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ONE YEAR AFTER THE STORM
They handled their own emergency
, Courier Staff Writer
Monday, March 04, 2013 10:00 AM
PROGRESS: Milton Fire & Rescue Chief Jason Long presented awards and talked about the clean-up and rebuilding efforts that have taken place in the year since a tornado demolished the department’s Station No. 2. Long’s presentation was part of a one-year anniversary dinner and appreciation service for all that helped Milton Fire & Rescue. (Staff photo by Ken Ritchiefirstname.lastname@example.org)
People gathered at the Milton Fire and Rescue Station No. 2 on Saturday to remember the storms that destroyed their building a year ago and the rebuilding process that took place after March 2, 2012.
A lot changed for the fire department a year ago. When members of the department gathered at Station No. 1 to prepare to help with any emergency calls from the storms, no one had any idea that they would be responding to an emergency of their own by the end of the night, Chief Jason Long said.
"I don't think any of us expected what we were going to get," he said of the storm.
By the time the tornadoes lifted in Trimble County on that day, the department's Station No. 2 had been hit with debris thrown throughout the nearby field. A fire truck, the fish fry trailer used for fundraising and other equipment had been destroyed in just minutes.
Now, a year later, a new building stands with a new fish fry trailer in one of the building's three bays where the former station once was located.
"It's actually hard to believe how far we've come," Long said.
The department did rebuild, just as the sign constructed hours after the storm said it would.
"We knew we had to," Long said.
Thanks to the help of several groups and people throughout the area, and others throughout the country, Milton Fire and Rescue replaced everything that was lost.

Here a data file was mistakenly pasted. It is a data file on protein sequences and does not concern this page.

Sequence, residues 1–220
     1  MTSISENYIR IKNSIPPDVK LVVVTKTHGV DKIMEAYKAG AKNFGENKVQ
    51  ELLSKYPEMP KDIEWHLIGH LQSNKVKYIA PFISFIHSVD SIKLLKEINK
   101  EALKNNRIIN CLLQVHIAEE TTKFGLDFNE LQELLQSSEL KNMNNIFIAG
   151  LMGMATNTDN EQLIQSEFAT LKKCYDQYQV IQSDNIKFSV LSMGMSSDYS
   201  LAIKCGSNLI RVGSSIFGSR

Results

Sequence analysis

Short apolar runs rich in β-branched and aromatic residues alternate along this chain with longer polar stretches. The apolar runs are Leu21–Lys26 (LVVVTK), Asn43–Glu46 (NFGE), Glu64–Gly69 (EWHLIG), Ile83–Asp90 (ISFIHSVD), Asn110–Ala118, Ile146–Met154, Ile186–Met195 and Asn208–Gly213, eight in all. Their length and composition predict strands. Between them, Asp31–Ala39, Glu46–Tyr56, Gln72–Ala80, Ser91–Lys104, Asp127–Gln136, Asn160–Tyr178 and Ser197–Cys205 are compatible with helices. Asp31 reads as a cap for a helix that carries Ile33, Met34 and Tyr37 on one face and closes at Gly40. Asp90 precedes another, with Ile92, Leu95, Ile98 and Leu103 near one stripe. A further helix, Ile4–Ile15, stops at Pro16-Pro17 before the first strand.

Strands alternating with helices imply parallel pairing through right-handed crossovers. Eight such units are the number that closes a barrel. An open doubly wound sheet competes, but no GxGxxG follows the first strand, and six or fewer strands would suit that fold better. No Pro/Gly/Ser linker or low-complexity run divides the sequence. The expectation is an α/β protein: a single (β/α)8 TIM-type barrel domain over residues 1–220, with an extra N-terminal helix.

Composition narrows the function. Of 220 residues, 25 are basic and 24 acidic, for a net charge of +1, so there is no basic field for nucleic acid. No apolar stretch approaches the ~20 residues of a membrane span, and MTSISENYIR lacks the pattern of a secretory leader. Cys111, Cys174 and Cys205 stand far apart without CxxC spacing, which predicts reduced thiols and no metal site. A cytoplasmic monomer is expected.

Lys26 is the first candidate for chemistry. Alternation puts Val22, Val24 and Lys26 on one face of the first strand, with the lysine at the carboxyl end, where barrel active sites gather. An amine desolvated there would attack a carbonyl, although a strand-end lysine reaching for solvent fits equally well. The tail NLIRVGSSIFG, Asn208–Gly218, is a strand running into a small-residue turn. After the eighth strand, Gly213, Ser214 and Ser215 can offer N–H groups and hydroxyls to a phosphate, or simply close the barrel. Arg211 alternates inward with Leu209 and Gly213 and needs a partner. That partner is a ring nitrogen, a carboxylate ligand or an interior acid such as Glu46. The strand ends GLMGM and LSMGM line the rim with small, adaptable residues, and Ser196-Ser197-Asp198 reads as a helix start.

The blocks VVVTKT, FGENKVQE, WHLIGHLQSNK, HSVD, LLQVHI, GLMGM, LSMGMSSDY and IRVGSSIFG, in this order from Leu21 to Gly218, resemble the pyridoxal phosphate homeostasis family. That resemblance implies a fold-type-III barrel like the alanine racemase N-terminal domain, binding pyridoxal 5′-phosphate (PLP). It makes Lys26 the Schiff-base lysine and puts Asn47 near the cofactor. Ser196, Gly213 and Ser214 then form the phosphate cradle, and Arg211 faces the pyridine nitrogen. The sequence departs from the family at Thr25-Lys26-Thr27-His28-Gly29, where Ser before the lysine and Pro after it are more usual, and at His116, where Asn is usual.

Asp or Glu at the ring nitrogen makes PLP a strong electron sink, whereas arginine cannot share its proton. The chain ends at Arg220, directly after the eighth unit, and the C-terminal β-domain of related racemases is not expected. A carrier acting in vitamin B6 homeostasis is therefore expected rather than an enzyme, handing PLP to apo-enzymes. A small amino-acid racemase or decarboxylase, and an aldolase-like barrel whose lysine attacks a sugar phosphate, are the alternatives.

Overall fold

Milton Fire and Rescue received several offers of equipment from fire departments, which the Milton department turned down with thanks. Yet, one group of firefighters from the Lake Ridge Fire Department in Gary, Ind., wouldn't take "no" for an answer when they offered a fire truck they no longer used.
"They didn't give us a choice but to take it," Long said.
The department used the truck until insurance replaced equipment that the department lost, then Milton paid the generosity forward and donated the truck to another department in need.
Other people donated storage, clean-up equipment, time and manpower to tear down the old station during the rebuilding process
"All that encouragement kept us going," Long said. "Without that help, I'm not sure we could have made it."
The new station has more use now than ever before. The department uses the building for training and other events, and some firefighters now respond from that station instead of all of the firefighters being based at Station No. 1.
"It's not a sub-station anymore," Assistant Chief Tommy McQueary said.
The building features an additional bay, and has a storage room that can be used as a storm shelter.
Still, the department has a little way to go to achieve the normalcy that was disrupted a year ago on March 2, 2012.
"We're still trying to get back to the swing of things," Long said.
ONE YEAR LATER
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